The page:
Need for reduction in restrictive practices at Oberstown, report finds
THERE IS a need to reduce restrictive practices at Oberstown children’s detention centre, a report has found.
A HIQA report published today also found that an improvement needs to be made in the way the use of restrictive practices is reported.
The use of restrictive practices remained “significant” at the centre, according to the report.
“It was apparent in this inspection, that there was a need to reduce restrictive practices," the report states.
“Poor quality records did not always show how young people’s rights and best interests were consistently promoted as required when restrictive practices were used,” the report added.
At the time of inspection, there was policy in place for the use of restrictive behaviour, which included single separation, the use of handcuffs and court escorts.
Restrictive procedures were used for “supporting young people” who presented with self-harm, or suicidal ideation or behaviours, anti-bullying, care, complaints policy, dignity and privacy, health and well-being, medication management, information management and supervision.
Not all restrictive practices were identified by staff or identified and recorded as such, the report found.
It recommended “further reductions” in the use of restrictive practices at the centre.
“While a less restrictive environment was being promoted on campus, further reductions in the use of restrictive practices were required.”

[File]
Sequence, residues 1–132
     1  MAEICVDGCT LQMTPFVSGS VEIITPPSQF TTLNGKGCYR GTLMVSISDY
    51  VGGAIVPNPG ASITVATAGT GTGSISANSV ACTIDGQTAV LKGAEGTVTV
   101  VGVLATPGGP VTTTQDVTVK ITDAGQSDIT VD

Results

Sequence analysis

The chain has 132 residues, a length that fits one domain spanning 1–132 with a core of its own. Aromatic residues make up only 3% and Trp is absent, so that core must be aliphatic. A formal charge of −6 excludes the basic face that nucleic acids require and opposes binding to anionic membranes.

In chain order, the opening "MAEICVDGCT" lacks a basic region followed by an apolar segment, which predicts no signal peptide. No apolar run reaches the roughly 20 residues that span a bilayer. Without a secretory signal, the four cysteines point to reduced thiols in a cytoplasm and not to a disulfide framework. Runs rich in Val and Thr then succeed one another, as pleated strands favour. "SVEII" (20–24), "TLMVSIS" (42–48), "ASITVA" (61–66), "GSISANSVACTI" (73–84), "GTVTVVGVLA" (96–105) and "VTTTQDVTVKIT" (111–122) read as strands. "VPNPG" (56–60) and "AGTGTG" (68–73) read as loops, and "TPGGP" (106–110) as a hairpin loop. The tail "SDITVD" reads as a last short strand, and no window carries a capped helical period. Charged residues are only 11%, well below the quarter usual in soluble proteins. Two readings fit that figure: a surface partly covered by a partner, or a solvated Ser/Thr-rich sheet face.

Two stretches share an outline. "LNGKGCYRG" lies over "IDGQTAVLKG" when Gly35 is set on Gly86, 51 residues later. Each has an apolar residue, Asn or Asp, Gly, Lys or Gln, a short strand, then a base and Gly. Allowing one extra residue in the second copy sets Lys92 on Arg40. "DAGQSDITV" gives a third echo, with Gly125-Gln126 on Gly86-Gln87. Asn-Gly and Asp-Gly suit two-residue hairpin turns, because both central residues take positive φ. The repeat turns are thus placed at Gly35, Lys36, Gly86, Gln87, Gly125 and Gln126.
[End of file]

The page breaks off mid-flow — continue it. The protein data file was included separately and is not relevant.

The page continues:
Written accounts of incidents where restrictive practices were used remained “inadequate”.
“[The] details on the use of all restrictive procedures was not routinely gathered or analysed for improving the quality of the service,” the report states.
The recording system was found to be “disjointed” and the quality of record keeping needed improvement "to ensure accurate reporting, and efficiency in data collection and analysis,” it adds.
The report states that a review of restrictive practices will take place, with the Deputy Director for Operations is responsible for carrying out the review.
It is due to be completed by Q1 2020.
Incident reports were “were not always of good quality” especially when they were produced by staff “directly involved” in incidents.
The report also found that handcuff management was “not adequate” at the centre, as a paper-based log on the request, removal and return of handcuffs showed gaps in signatures.